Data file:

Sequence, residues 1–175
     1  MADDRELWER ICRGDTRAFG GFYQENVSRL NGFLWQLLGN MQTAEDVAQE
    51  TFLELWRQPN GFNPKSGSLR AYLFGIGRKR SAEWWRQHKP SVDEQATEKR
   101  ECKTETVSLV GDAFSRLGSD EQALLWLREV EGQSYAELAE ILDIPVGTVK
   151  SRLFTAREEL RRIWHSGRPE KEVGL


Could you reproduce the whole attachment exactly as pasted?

Sequence, residues 1–175
     1  MADDRELWER ICRGDTRAFG GFYQENVSRL NGFLWQLLGN MQTAEDVAQE
    51  TFLELWRQPN GFNPKSGSLR AYLFGIGRKR SAEWWRQHKP SVDEQATEKR
   101  ECKTETVSLV GDAFSRLGSD EQALLWLREV EGQSYAELAE ILDIPVGTVK
   151  SRLFTAREEL RRIWHSGRPE KEVGL